By Dr Ore Taiwo Makinde
There were waves of joyous felicitation at the beginning of this week on this year’s Mother’s Day. Splashed across social media were photos and videos tinted with goodwill messages, prayers, and best wishes for mothers, not to count phone calls from loved ones near and afar.
The happy cheers were quite heart-warming. Mothers are indeed special. Thinking about mothers, my mind goes back to the recent movie drama “Maami” in which Funke Akindele portrayed the heart-warming and passionate role of a mother who despite having so little, gave so much.
Medical practitioners usually refer to mothers as the ‘first doctor’ in the home. This term is derived from the fact that mothers are usually the first to recognise symptoms of illness in a child or the first to get the report of ill-health. Based on this recognition, they can administer First Aid to the affected child or family member.
Mothers are usually the first to take the initiative to bring a child to the hospital (hopefully, on time) and to therefore also receive first-hand information from the health provider on the necessary steps to nurse the child back to good health. Their ability to relent on myths, superstitions and harmful cultural practices also determine to a great extent how healthy our children will be.
Let me share five reasons why mothers are the ‘first doctors’ in the home:
- Mothers ‘doctor’ children from the womb. During pregnancy, their bodies house us for most of a year. They give up their body shape and space for the endearing new-born in the offing. Many mothers have to take up almost permanent hospital residence in those months for the sake of that precious baby. It is from the mother that oxygen and nutrients diffuse to the foetus. Mothers provide warmth to the foetus and incubators can mimic this God-infused ability only to a limited extent. The decision of a mother to eat healthily, to avoid substances such as smoking and alcohol in pregnancy as well as to nurse healthy emotions have lasting consequences on the baby.
- Mothers virtually nurse from the cradle till after the nest is empty; starting with breastfeeding which establishes a bond that lasts a lifetime. Through breast milk, they transfer protective antibodies and immunoglobins which reduce the risk of neonatal illness. They take overnight calls, breastfeeding at night or keeping awake over an ailing child; tepid sponging to keep down a fever. They ensure healthy meals at home and at school. They have this way of caring even if through tough actions. If not for their hygienic efforts, vomiting and diarrhoea would frequently feature during school days.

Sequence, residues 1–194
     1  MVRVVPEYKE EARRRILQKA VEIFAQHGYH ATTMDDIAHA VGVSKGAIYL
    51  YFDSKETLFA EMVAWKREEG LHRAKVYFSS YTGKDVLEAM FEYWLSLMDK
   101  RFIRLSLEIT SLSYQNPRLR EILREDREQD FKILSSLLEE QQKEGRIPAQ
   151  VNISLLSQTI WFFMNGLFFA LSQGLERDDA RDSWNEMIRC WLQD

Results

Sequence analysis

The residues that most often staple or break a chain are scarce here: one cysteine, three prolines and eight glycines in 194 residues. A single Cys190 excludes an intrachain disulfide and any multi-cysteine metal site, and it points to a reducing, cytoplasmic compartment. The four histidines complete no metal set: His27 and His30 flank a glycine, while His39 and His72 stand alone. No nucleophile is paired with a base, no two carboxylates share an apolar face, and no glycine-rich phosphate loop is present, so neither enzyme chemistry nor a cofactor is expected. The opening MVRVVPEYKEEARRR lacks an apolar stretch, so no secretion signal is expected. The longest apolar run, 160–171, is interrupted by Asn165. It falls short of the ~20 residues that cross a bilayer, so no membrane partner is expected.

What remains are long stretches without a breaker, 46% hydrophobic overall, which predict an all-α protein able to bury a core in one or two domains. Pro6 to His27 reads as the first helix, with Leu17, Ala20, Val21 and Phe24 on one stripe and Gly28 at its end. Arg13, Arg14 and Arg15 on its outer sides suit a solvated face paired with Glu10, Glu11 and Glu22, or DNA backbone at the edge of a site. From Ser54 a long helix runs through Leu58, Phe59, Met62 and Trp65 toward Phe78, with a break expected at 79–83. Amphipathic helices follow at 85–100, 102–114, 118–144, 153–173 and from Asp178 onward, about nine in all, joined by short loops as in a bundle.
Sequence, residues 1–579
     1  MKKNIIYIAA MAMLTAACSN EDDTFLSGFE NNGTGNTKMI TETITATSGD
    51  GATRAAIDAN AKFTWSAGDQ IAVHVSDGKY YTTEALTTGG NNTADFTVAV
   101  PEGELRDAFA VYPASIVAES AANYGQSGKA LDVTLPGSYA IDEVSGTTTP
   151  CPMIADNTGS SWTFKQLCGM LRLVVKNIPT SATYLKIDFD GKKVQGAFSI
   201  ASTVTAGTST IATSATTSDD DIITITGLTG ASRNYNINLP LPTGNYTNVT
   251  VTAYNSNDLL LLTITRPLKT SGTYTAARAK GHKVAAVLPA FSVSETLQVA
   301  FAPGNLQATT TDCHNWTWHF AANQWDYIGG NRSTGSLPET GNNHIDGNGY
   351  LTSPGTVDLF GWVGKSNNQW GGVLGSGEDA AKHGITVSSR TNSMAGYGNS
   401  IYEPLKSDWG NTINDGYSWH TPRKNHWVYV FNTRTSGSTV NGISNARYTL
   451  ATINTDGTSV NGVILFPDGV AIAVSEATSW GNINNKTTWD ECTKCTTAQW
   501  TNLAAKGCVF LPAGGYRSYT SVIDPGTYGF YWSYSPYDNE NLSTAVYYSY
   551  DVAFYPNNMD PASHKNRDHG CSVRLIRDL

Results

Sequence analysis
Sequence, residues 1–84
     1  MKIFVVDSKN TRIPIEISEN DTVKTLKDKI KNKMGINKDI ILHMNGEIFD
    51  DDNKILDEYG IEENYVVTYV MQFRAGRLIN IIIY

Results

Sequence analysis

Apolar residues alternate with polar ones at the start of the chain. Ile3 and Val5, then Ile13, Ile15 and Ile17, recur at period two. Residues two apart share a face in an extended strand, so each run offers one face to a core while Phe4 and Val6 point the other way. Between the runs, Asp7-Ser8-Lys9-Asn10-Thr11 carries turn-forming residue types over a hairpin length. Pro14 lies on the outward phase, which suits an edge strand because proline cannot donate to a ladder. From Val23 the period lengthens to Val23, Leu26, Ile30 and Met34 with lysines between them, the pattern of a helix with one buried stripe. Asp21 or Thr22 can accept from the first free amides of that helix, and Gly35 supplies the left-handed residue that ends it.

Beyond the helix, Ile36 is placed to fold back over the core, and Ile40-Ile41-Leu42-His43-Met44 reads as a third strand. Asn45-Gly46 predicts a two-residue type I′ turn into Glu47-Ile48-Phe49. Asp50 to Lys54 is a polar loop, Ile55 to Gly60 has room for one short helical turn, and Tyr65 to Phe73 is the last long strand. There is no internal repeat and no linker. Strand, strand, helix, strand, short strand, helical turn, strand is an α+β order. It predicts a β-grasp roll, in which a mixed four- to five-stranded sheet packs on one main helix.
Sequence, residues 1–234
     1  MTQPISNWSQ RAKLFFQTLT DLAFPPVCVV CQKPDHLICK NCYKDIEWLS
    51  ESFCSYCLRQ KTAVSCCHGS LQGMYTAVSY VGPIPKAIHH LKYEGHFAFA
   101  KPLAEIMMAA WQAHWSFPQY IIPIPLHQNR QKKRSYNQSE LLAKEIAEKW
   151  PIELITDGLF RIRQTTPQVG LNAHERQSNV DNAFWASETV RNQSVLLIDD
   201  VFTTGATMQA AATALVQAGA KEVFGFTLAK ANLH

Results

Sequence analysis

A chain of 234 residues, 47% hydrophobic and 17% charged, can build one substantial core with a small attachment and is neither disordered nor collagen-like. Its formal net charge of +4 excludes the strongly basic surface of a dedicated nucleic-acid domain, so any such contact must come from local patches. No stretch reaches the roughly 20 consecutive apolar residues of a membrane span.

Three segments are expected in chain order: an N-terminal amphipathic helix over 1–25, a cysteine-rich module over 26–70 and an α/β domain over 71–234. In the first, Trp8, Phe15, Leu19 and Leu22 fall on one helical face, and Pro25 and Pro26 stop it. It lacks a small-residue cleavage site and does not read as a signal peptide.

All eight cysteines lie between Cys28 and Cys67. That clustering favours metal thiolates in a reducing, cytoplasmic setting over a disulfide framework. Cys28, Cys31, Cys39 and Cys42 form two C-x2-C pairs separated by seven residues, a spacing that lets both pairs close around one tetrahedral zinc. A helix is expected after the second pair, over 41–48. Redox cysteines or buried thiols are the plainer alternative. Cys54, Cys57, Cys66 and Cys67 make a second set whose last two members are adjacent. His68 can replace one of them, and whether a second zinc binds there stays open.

- Mothers love cleanliness and try to maintain orderliness. Sweeping, scrubbing, and dusting are unending house-chores, yet they do it every day. A colleague of mine was tagged Mrs. Clean by her husband in this regard. Mothers will always remind you to brush your teeth, wash your hands and dust your feet before getting into bed. Without all this seeming much-ado-about-nothing, many of us would fall sick often. Doctors frequently counsel on hygiene to prevent and control the spread of disease.
- Listening is a vital communication skill that mothers have exhibited through the years, listening, paying attention, reading in between the lines to decipher what the real problem is. Doctors do the same when encountering their patients. Listening helps diagnosis.
- Mothers have a sixth sense. It is called intuitiveness. Most moms can describe to you that uncanny feeling that something is not right even when you have explained all the possible reasons why it should be. They know when you have not swallowed your medicine. Many people seem to think that doctors are magicians. This is because they expect the doctor to decipher all their medical problems without much information. Doctors also depend on high indices of suspicion during history and examination to arrive at the right diagnosis especially when there is a paucity of information. Having a consistently correct index of suspicion comes with years of training and experience.
Mothers from time memorial stand out as a special ‘kind’ of people. You can call them super-moms, super-heroes, or super-stars, but they are humans with feelings, strengths, and weaknesses.
Applauding their positive contributions to family development today, the ‘International Day of Families’ is certainly not out of place. The stronger and healthier our mothers are, the stronger and healthier our families will be.
Dr Ore Taiwo Makinde is a Consultant Family Physician and certified Lifestyle Medicine Physician.
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